The religiosity of the Ansaris finds expression in their self-description, in which faith always finds a place. It is equally evident in what they do, that is, in their enthusiastic celebration of religious festivals, their visits to shrines, and their belief in pirs. Their religiosity is problematic, however, for their community leaders. Most of these leaders belong to the reformist sects of Wahabis and Deobandis, known for criticizing the very activities that the Ansaris prize most: their dependence on pirs, their visits to shrines, and the fairs and festivity they enjoy during a dozen celebrations during the year.
The chief festivals of the Muslims are c Id[*] (c Id ul Fitr[*] ) and Baqr c Id (c Id ul Zuha), when special foods and new clothes are ideally required by every member of the family. On both occasions, the namaz[*] (prayers) is mentioned as the main event and as the marker of the specialness of the day. The poorer weavers find it impossible to live up to the ideal image of the festivals in terms of feasting and celebration. For them, these are the major holidays of the year when they may close their karkhana s[*] for a week to ten days. Depending partly on the time of year in which these festivals fall, the holidays are occupied with outings, pleasure trips, visits to relatives, and picnics. The ideal of c Id as the reassertion of solidarity for Muslims is very strong, so that even while households vary drastically in their ability to afford festival food and clothes, the perception of most participants is that of unity and mutual sharing.c Id can also, on occasion, stand for a more pragmatic assertion of solidarity, as at the time of the special namaz at Banaras's Idgahs. Two of these particularly, Lat[*] and Gyan[*] Vapi[*]masjid , are sacred spaces in historical dispute between Hindus and Muslims. While no communal outbreak has actually occurred at c Id in Banaras, the situation has often become a "sensitive" one at these places (Bharat Jiwan , 11 May 1891, 8; UP Admin Rpt, 1924–25; Chauk and Adampura TFR). In everyday life, Hindus and Muslims conduct their respective worship without getting in each other's way, nor is there the memory of any actual violence associated with the places. But at c Id and Baqr c Id, the very presence of scores of armed policemen and elaborate preparations by the administration make the places seem like the settings for familiar, prerehearsed scenarios.
Baqr c Id also includes the ritual of the sacrifice of a goat (in the past a cow or a buffalo) or even a camel, followed by sharing of the meat among family, neighbors, and the poor. The less prosperous weavers can afford neither a goat, nor, as at c Id, new suits of clothes for everyone. Nor do they "feast" unless invited to do so by patrons, employers, and wealthier acquaintances. As at c Id ul Fitr, some presents of food, clothes, and cash pass from rich to poor, but solidarity is more an ideal than a reality. Except at the time of namaz , the festivals do not become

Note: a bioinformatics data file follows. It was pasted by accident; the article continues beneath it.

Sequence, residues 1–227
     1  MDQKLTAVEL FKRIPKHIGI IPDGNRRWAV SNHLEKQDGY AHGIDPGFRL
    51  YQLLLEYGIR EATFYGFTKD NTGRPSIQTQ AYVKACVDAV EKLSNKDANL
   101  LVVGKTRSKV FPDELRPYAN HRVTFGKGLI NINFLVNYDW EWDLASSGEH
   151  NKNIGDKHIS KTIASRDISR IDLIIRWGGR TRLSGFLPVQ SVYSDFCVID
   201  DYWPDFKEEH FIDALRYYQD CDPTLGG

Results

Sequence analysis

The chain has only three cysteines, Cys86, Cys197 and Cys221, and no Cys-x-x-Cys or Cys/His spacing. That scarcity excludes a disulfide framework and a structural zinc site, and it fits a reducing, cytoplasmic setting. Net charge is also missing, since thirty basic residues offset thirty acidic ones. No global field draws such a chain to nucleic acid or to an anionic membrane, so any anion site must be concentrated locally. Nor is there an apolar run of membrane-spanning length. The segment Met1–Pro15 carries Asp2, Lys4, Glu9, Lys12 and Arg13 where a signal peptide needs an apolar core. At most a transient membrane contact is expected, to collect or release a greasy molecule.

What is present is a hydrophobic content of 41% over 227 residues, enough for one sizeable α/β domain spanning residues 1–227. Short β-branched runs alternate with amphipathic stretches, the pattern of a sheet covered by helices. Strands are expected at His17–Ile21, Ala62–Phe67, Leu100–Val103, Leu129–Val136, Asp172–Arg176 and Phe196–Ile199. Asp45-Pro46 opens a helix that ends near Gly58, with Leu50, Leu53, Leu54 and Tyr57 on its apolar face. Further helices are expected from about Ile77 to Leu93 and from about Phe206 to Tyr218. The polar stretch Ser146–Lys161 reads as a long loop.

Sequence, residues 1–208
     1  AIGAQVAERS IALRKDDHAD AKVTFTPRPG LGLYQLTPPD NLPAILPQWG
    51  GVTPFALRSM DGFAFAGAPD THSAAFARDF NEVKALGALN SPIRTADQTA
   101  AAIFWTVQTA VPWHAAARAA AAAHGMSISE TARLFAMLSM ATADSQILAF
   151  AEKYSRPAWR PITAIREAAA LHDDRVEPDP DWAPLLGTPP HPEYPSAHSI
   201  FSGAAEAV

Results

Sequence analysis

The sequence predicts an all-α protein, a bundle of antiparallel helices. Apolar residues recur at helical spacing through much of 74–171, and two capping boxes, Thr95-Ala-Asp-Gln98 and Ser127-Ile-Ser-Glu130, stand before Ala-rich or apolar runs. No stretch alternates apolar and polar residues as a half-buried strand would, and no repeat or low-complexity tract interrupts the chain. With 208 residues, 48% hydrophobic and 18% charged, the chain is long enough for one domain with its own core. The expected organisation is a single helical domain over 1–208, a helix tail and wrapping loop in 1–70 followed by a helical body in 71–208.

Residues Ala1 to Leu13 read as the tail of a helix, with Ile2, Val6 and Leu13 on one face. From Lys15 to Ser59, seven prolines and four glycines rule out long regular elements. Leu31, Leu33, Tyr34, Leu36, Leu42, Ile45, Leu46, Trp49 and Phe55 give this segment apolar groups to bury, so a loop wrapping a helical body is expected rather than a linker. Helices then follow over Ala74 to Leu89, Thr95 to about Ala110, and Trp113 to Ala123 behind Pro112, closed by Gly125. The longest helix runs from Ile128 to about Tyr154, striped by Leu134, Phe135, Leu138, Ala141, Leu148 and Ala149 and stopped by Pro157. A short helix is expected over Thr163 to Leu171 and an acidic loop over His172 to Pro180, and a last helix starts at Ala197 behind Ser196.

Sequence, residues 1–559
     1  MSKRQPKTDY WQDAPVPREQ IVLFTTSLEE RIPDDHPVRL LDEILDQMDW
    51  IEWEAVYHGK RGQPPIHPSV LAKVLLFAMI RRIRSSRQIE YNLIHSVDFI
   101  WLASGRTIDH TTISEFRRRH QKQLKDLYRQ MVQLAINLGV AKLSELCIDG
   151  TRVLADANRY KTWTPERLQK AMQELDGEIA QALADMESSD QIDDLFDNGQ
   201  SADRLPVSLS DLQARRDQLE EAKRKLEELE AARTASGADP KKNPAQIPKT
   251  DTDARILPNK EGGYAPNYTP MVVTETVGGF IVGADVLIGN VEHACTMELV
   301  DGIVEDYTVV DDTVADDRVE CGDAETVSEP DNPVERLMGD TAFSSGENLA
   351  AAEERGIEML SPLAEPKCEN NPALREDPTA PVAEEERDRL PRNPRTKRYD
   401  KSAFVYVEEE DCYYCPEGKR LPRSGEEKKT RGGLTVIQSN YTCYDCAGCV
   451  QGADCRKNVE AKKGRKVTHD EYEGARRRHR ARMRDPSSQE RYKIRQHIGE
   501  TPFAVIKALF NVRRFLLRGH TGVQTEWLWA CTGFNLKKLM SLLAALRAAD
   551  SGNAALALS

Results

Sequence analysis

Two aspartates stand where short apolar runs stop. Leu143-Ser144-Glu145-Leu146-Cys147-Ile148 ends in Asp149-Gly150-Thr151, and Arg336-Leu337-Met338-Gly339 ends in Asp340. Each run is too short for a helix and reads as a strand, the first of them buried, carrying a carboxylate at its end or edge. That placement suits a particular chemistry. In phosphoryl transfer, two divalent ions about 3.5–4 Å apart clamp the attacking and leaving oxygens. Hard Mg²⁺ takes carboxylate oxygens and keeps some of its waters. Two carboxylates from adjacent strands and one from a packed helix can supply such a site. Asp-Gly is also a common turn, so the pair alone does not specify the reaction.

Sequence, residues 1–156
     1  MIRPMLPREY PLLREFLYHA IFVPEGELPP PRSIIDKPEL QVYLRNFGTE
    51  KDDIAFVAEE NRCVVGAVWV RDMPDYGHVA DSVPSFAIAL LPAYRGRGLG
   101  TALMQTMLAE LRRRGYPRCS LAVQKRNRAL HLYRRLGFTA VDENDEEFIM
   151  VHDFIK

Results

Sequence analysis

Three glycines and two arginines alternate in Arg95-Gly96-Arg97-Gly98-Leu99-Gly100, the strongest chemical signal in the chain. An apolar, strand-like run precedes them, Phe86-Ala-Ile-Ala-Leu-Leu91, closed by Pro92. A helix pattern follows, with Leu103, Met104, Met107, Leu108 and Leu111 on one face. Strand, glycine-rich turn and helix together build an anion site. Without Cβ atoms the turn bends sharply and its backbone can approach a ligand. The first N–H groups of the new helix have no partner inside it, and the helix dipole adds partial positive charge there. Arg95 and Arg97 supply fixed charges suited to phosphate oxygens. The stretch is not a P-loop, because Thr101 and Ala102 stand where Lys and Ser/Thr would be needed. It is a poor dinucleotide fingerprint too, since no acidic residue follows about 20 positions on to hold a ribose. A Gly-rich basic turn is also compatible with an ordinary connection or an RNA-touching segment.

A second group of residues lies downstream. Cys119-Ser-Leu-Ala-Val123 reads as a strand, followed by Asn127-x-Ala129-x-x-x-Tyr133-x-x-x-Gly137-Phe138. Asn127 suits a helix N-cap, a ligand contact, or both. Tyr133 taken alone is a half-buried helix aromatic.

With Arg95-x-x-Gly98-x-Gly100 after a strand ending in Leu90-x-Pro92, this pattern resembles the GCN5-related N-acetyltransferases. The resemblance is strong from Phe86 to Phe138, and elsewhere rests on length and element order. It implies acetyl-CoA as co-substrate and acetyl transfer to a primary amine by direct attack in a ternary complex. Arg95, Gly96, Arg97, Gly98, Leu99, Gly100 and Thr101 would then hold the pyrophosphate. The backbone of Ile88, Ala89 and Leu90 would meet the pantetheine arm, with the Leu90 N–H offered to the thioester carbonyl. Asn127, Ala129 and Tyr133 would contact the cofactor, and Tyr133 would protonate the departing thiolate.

intense as occasions of identity. The absence of public processions and meetings serves further to diffuse the unity of the occasion. While the symbolism of Baqr c Id[*] , with its slaughter, blood, and feasting on meat, remains the most foreign of all Muslim festivals for Hindus, there is again no communal quarrel on record on Baqr c Id in Banaras, a fact that contrasts with the experience of the rest of the province (Bharat Jiwan , 7 Aug. 1893, 6; 19 Dec. 1912; Aj , 10 March 1938, 3; UP Admin Rpt, 1917, 1919, 1924, 1926, 1929; Pandey 1983a; Freitag 1980; Yang 1980). Even the cow, for all its potency as a symbol in a place like Banaras, has never been a political problem in the city. Cow slaughter has been banned since the 1950s, and its memory does not serve to arouse anyone.
The other major festivals of the Muslims, Muharram and Barawafat, seem to provide a more explicit context for an assertion of a "Muslim" identity. They have both been expanding in recent years and bear strong outward resemblance to Hindu celebrations that are likewise expanding, such as Durga, Saraswati, Govardhan, and Vishvakarma Puja. Muharram is the better known and is celebrated in Banaras with great pomp (shan[*] ) by both Shias (a microscopic minority) and Sunnis (all the weavers). The observation of Muharram may be analyzed in two parts: (1) the establishment of the tazia (the replica of the martyr Husain's tomb) on the chauk (platform) of the muhalla[*] (neighborhood); and (2) the processions on the tenth day of the month, each carrying a tazia for immersion or burial, and all other processions in the next fifty days, featuring battle symbols (calam ), marriage symbols (mehndi[*], dulha[*] ), and symbols of martyrdom (Duldul, the horse of Husain). Each of these two parts may in turn be interpreted as reflecting both Islamic identity and the identity of otherwise defined populations, and it is necessary to sift the different aspects.